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A New Technology/Laboratory Set-Up And Mathematical Method To Determine Pore Throat Size Distribution Of A Natural Rock

Le, Khoi

McLindin, Cale

Saha, Atanu

Petroleum Engineering Honours Degree, 2011

University of Adelaide


Suspension, colloidal and emulsion flow in rocks and the subsequent particle capture due to size exclusion may strongly affect reservoir and well behaviour. Particle transport in suspension flow occurs during sea or produced water injection, fines migration and production and drilling fluid invasion into hydrocarbon bearing zones.

Previous methods have been developed to determine the pore size distribution using particle suspension coreflood tests where a colloidal suspension is flowed through an engineered porous media with a known grain size distribution and outlet particle concentrations are measured.

Continuing on from this work, a low retention filtration model is developed and tested using a new laboratory set-up for the short term injection of mono-sized suspensions in to engineered porous media. The stochastic micro scale equations for size exclusion colloidal transport in porous media are derived. The proposed model accounts for the following new features: the accessible flux in the expression for capture rate, the increase of inlet concentration due to the injected particles entering only the accessible area and the dilution of effluent accessible flux in the overall flux of the produced suspension.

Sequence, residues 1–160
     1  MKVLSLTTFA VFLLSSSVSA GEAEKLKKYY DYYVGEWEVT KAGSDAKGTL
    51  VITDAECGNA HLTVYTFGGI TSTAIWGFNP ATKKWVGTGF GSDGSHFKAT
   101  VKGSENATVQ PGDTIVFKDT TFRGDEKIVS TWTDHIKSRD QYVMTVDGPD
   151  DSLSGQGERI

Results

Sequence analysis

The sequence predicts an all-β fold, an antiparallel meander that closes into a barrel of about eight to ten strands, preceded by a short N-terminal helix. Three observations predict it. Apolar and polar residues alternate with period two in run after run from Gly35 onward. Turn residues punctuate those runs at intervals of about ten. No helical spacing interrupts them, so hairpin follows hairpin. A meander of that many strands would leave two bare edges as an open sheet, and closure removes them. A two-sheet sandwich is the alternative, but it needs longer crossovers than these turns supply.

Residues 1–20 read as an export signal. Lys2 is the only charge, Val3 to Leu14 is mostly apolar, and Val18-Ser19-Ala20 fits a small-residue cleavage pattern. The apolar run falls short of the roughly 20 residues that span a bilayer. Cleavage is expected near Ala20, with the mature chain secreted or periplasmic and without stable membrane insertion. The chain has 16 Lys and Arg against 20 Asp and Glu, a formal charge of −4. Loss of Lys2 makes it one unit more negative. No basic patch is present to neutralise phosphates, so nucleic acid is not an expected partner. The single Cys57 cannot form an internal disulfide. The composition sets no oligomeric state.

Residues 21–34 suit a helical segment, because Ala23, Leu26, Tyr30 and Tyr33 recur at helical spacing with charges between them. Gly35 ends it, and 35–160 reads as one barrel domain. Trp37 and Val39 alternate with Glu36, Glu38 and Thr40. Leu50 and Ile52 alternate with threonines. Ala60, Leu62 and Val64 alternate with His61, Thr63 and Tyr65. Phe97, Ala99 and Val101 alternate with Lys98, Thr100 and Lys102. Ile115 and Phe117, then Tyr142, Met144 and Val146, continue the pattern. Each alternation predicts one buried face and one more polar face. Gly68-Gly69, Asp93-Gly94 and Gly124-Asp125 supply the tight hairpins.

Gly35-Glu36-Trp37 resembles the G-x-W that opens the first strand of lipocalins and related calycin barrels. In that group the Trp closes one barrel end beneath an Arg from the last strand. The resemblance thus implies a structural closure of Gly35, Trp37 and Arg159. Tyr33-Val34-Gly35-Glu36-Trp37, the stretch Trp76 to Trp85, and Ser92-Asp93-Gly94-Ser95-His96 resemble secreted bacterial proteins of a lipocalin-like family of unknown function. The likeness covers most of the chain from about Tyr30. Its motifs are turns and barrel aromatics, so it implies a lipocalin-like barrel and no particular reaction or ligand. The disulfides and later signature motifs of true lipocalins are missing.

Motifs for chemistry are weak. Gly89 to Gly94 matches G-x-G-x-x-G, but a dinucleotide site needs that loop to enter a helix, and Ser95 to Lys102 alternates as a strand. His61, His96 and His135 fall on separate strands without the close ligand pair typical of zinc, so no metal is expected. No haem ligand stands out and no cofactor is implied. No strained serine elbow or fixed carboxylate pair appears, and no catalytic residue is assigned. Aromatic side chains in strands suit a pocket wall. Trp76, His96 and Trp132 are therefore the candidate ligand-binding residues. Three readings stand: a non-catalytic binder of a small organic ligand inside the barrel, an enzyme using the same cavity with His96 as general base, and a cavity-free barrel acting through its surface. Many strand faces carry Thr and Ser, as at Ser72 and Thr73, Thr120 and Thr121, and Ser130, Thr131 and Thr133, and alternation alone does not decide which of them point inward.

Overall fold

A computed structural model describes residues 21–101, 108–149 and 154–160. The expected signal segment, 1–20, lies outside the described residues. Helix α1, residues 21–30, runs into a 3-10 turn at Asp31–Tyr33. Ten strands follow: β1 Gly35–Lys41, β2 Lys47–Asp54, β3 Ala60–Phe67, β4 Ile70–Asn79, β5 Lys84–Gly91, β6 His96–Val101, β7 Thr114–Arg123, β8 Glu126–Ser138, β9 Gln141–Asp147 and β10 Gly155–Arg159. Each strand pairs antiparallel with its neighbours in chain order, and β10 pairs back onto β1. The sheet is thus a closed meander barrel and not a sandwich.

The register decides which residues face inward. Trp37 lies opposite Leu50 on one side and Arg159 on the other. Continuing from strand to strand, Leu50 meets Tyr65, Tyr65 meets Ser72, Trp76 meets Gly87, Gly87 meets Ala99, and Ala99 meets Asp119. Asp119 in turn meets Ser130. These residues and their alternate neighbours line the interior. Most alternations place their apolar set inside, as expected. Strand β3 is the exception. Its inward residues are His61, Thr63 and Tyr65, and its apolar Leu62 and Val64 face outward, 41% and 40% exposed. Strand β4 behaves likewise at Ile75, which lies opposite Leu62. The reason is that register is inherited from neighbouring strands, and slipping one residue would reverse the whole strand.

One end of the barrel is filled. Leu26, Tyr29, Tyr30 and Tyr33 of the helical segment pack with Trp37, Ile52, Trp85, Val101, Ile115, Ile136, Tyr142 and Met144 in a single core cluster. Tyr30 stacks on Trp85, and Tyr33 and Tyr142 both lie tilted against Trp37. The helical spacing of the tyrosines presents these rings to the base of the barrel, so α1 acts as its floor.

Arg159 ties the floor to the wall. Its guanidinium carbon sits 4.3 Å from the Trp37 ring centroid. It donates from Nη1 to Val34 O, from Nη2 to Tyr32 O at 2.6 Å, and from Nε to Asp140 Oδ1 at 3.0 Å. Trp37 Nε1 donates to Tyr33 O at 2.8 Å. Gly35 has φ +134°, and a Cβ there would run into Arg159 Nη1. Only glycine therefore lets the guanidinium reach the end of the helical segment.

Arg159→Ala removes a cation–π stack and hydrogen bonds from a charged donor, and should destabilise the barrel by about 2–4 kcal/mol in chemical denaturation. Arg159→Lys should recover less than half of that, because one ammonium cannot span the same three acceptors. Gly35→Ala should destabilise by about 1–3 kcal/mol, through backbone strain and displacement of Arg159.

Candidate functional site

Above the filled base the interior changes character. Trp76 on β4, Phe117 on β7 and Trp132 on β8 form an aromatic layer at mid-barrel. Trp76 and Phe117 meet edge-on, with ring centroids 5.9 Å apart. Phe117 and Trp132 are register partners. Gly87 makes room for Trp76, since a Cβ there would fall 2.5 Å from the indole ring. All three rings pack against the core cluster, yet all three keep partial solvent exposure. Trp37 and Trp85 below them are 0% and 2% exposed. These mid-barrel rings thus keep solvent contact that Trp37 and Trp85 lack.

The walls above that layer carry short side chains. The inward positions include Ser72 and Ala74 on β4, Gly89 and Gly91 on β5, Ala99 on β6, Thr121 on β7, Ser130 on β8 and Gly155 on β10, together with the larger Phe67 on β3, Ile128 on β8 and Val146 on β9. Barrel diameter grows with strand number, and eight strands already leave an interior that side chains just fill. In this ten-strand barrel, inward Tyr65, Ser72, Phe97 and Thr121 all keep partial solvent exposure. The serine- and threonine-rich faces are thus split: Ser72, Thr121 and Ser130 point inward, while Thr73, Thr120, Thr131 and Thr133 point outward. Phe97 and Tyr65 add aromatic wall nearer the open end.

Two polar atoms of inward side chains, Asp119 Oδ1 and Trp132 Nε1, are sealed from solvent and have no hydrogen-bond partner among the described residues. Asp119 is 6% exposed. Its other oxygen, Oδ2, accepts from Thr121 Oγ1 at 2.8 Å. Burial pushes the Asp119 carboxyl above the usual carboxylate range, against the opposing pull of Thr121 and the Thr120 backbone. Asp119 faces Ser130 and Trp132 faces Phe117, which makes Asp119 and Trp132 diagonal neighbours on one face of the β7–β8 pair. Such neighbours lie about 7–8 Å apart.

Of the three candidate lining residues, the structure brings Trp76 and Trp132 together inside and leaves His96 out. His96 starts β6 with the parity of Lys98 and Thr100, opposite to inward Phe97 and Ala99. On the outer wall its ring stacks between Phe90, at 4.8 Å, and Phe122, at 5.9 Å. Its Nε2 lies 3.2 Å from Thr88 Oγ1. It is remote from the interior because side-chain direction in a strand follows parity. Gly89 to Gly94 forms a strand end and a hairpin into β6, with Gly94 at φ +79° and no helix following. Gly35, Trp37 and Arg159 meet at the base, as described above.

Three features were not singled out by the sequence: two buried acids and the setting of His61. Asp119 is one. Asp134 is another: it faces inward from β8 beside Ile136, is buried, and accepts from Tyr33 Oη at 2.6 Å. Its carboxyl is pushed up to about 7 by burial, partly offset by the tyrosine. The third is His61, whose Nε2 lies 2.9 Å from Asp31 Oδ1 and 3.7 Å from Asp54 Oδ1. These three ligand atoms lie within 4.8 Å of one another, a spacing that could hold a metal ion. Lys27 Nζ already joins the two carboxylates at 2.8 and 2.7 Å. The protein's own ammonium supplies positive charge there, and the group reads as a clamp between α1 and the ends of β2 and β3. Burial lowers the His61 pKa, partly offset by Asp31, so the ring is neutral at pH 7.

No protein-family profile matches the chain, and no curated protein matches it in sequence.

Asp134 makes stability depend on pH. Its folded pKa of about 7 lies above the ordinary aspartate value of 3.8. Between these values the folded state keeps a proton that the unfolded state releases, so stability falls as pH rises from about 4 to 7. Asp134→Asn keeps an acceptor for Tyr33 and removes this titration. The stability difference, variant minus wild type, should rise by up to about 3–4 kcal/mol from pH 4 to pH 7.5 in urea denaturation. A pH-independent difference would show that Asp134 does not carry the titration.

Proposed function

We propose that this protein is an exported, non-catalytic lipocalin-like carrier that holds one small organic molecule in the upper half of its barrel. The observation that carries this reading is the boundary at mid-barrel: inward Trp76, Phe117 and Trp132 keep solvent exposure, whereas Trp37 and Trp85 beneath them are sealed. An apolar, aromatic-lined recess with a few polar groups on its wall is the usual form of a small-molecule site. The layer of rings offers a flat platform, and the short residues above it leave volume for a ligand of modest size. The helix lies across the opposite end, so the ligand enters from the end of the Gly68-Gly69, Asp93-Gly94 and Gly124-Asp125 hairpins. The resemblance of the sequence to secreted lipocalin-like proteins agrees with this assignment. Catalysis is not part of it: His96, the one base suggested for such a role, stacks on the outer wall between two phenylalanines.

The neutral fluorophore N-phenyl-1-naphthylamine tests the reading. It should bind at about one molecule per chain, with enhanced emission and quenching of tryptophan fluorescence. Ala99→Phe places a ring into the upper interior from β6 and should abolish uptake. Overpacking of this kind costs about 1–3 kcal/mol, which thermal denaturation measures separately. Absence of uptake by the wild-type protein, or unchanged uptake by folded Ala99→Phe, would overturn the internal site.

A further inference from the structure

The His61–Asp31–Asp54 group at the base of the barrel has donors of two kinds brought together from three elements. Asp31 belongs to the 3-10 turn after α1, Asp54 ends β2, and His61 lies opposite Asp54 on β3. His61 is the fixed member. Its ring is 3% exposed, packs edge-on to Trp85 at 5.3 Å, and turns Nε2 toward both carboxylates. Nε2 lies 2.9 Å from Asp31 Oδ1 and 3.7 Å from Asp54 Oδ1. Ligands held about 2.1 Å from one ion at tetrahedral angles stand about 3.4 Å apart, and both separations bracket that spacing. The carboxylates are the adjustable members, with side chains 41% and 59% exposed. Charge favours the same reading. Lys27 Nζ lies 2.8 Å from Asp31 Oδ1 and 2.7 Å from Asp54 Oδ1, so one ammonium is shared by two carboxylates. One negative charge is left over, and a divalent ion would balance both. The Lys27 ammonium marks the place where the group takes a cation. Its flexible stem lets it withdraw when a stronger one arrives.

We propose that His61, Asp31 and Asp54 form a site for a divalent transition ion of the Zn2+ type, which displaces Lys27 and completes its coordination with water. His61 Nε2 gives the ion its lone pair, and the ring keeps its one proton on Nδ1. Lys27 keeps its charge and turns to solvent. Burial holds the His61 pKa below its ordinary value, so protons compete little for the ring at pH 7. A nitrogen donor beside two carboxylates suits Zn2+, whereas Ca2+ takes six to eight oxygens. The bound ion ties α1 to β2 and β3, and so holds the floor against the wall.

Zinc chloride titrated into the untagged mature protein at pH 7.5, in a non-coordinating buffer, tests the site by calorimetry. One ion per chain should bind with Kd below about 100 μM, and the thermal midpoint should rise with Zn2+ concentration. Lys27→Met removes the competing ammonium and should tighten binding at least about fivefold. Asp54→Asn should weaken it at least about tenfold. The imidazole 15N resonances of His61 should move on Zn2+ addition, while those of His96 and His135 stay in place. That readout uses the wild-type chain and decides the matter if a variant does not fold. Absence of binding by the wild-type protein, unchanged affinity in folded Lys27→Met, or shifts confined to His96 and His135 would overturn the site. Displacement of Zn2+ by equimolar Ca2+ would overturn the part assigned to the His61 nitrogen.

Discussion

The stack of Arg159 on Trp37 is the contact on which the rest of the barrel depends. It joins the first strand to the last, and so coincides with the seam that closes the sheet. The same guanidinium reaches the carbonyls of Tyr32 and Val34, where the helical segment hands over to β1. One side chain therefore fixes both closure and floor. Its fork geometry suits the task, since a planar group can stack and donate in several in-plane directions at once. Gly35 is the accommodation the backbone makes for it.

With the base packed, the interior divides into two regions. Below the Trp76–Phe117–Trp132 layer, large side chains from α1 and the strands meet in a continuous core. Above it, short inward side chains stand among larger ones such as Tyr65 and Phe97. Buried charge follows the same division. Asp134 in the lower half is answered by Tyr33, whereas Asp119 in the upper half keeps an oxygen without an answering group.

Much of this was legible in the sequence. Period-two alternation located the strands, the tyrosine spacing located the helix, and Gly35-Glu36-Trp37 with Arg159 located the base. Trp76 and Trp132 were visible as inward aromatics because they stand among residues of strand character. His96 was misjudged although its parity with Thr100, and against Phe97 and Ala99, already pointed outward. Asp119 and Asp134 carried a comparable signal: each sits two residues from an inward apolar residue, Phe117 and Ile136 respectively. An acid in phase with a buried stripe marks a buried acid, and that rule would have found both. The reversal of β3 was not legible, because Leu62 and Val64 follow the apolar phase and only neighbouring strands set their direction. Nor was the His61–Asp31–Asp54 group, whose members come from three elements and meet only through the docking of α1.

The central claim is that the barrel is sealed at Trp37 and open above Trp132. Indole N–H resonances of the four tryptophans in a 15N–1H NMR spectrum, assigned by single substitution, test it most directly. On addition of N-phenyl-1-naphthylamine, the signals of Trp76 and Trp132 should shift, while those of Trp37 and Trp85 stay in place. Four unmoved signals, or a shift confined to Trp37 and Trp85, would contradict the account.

Many improvements have been made to the experimental set-up and procedures to enhance the accuracy and repeatability of the colloid injection tests. These include the implementation of a dualpump syringe system to deliver continuous pulse-less flow of fluid to the engineered porous medium, the packing of the column is performed during sonification to ensure uniform dense rhombohedral packing and the outlet sampling intervals have been revised to gain a clearer view of breakthrough and stabilisation of outlet concentration curves.

Good agreement was observed between the experimental results and the proposed model. The proposed model fits better to the experimental data than the previous population balance model for suspension transport in porous media. The modifications in the present model, compared to the classical deep bed filtration model, lead to the better description of size exclusion particulate transport and particle capture in porous media.

Australian School of Petroleum



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